Direction & Production
The St James lounge space is a great place for cabarets and small scale shows, so it was always going to be interesting to see how a larger-than-life musical was going to slot in here. Thankfully, Scala Theatre’s production finds a way and does it very well. Tim Shorthall’s set design doesn’t care about the shallow depth of the stage and makes great use of the height, building a grand and shimmering wall with neon letters and swanky glittering fabrics, with a ledge for actors to pop in and out of from behind a seedy beady curtain. It looks impressive and imposing and reeks of a chintzy grubby chic that is literally smoking and is perfect for the cast and other creatives to work their magic upon.
High praise must be given to movement director Lucie Pankhurst who dazzles with absolutely stunning choreography. You might think that there’s little room for all singing and danging West-end pizzazz, but Pankhurst finds miraculous space for high kicks, dizzying turns, and other acrobatics on the slither of stage that The Stripper is given to work with. If economic policy were more like Pankhurst’s choreography, then we’d be high and dry by summoning something phenomenal from exceedingly little.
Benji Sperring returns to direct this Hartley and O’Brien affair after the success of Shock Treatment at the King’s Head under his helm. It’s an incredibly shrewd choice because Sperring demonstrated that his eye for the cheekily twisted, and a resonance with the knowing little jokes, is exactly the kind of mindframe and kink that is needed to really make The Stripper shimmer. Sperring keeps the octane high and the laughs coming, but most importantly irons out as much as possible the inconsistencies between the comic and the brooding pacing, keeping the former not too zany and the latter snappier and lighter, bringing a real sense of cohesion to The Stripper.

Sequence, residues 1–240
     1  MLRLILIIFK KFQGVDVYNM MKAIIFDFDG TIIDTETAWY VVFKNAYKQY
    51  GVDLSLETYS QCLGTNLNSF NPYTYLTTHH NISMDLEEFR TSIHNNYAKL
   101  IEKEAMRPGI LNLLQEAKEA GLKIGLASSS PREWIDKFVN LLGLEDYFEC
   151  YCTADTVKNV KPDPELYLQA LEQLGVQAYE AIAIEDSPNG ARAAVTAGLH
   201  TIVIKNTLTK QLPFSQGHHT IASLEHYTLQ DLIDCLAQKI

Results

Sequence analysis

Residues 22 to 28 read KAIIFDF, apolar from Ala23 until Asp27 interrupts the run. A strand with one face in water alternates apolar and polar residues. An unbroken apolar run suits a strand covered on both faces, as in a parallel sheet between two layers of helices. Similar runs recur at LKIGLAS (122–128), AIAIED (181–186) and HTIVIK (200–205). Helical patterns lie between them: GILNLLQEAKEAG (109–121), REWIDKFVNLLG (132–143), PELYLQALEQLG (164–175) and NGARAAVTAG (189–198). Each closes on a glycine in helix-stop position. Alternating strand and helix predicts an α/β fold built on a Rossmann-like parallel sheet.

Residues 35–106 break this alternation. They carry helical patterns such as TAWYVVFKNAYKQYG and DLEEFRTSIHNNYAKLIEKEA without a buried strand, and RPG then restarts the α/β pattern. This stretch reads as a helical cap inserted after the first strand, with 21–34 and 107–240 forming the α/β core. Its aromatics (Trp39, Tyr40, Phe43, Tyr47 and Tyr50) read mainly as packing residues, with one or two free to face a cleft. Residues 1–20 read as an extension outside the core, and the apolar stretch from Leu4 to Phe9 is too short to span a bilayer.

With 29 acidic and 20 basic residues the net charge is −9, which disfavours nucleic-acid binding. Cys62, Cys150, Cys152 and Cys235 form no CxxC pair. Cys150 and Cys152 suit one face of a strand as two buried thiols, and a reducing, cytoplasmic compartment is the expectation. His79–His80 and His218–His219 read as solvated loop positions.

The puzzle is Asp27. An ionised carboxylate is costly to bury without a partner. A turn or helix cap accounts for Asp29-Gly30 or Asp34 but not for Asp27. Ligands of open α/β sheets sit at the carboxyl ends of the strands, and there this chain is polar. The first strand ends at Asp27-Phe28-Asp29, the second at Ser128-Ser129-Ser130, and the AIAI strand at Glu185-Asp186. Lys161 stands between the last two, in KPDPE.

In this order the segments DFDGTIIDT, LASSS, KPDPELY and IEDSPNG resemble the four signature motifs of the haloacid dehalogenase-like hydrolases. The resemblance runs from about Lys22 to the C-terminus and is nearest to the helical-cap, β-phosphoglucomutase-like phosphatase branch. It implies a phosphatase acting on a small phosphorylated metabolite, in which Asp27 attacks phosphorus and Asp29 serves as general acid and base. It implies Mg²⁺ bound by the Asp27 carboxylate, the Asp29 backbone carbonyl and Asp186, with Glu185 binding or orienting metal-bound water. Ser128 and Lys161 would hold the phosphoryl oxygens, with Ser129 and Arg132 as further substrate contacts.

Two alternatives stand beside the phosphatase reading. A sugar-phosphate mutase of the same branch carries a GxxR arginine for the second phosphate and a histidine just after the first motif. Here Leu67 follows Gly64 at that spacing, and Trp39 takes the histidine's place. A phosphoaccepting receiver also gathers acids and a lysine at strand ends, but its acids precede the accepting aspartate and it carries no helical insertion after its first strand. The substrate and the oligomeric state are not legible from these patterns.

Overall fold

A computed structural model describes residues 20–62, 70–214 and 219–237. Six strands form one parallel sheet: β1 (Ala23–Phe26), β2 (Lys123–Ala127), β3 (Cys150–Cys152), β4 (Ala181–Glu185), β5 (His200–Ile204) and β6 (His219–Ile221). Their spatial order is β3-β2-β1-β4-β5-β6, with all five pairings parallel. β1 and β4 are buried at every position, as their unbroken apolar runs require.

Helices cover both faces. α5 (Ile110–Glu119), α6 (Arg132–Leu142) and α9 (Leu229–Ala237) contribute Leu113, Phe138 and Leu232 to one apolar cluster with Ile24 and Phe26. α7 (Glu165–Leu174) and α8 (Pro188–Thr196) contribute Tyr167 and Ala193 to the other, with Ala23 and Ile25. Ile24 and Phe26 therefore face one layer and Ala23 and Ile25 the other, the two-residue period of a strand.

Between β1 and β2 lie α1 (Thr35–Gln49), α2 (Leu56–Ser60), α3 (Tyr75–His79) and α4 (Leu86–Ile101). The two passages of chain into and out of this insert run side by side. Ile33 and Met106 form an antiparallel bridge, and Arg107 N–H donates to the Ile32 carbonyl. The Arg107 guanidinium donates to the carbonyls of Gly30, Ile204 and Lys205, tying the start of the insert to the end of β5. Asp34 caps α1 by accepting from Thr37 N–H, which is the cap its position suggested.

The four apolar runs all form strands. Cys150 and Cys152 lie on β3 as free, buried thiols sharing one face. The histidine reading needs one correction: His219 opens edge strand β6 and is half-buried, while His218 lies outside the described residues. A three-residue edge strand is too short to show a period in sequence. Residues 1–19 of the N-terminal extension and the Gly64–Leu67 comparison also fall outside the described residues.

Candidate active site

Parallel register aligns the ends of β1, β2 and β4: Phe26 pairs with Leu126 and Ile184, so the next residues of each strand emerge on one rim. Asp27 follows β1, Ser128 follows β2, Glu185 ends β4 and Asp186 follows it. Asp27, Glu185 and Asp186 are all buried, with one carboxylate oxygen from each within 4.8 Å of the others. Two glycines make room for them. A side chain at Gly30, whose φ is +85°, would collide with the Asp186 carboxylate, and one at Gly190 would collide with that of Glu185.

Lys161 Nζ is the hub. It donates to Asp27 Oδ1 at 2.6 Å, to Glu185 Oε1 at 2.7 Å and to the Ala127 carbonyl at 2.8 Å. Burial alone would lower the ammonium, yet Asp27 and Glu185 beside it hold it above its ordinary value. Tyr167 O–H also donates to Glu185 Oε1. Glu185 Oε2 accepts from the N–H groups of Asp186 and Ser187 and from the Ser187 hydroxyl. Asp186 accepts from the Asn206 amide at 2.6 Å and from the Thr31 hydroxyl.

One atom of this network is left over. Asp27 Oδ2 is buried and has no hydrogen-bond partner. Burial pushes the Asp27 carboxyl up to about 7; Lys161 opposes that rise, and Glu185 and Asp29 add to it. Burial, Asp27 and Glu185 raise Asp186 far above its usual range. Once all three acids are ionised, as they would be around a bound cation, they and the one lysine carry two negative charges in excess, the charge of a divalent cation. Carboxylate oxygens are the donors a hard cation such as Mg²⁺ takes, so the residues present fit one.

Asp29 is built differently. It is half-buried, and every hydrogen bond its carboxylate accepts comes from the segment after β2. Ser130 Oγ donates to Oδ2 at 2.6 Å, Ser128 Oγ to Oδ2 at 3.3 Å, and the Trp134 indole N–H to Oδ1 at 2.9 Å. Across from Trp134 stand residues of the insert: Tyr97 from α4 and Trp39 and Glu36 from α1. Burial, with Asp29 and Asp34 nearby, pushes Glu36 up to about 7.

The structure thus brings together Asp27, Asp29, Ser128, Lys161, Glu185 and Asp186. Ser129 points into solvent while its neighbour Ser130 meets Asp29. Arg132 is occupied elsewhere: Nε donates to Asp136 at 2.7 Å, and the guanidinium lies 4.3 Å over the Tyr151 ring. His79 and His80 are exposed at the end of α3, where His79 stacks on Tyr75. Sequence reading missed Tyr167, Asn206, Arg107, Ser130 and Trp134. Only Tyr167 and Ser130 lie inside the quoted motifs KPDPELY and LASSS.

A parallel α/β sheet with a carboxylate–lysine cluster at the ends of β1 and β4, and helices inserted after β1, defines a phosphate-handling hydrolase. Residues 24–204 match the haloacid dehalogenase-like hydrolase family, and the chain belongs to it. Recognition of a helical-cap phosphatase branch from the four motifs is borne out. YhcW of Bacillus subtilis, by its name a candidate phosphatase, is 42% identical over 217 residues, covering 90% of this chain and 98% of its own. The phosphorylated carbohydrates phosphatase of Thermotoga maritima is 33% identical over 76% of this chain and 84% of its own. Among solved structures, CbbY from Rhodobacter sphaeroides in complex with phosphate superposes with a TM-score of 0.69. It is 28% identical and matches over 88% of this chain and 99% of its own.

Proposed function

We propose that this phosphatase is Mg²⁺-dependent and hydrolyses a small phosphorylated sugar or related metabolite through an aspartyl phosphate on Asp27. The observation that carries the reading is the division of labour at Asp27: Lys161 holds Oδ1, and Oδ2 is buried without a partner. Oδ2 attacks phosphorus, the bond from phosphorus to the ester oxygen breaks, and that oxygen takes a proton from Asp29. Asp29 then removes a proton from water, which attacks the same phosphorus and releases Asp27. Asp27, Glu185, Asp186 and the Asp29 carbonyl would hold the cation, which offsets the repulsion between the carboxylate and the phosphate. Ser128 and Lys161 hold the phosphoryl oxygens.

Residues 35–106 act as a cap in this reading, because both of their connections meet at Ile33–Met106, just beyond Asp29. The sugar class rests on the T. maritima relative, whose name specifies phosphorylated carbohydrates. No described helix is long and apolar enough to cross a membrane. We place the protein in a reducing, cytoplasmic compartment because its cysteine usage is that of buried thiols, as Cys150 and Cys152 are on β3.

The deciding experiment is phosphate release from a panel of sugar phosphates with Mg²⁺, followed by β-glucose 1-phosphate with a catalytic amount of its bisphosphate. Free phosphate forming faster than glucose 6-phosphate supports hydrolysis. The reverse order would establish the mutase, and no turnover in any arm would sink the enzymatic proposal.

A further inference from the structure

It was a big surprise at the curtain call to find that there are only five actors in The Stripper, despite there being twelve characters (I suppose I should have studied my programme a little more before curtain up): the ensemble are all brilliant character actors who give every personality they get behind a fantastic distinction from the last. Furthermore, they’re a tight company who really bounce energy and fun off of each other. Hannah Glover and Michael Steedon have a brilliantly tense sense of American Gothic going on as Mr and Mrs Arkwright, then Steedon and Marc Pickering are formidable, if not laughably dunderheaded, criminal duo.
Stand out performances come from Sebastien Torika as Al Wheeler, who very quietly sends up the long-suffering noir detective veneer with effortlessly breaking of the fourth-wall and toying with the audience. He also gets behind his character’s equally seedy and sleuthy libido, building a sense of uninhibited naughtiness that’s just enormous fun to get behind (oh my).
Gloria Onitiri is simply fabulous as the titular stripper, Deadpan Delores Keller. She is sheer sex in a chiffon negligee, with a powerful and rich voice that is as nut-bustingly astonishing as her stage allure. Onitiri’s poise and presence just soaks the stage in seduction and is ravishing to watch and listen to, and she’s been perfectly cast as the powerful vixen and fly-in-the-ointment here. If Onitiri is not already on your radar, mark her now before she turns up the heat on a fantastic all-round talent.
Set your nipple tassels to thrill in this show bursting with rampant fun. The Stripper will charm your G-String off.
The Stripper plays at the St. James Theatre, London, SW1E 5JA, until 13 August 2016. Tickets are £20 – £35. To book, visit www.stjamestheatre.co.uk.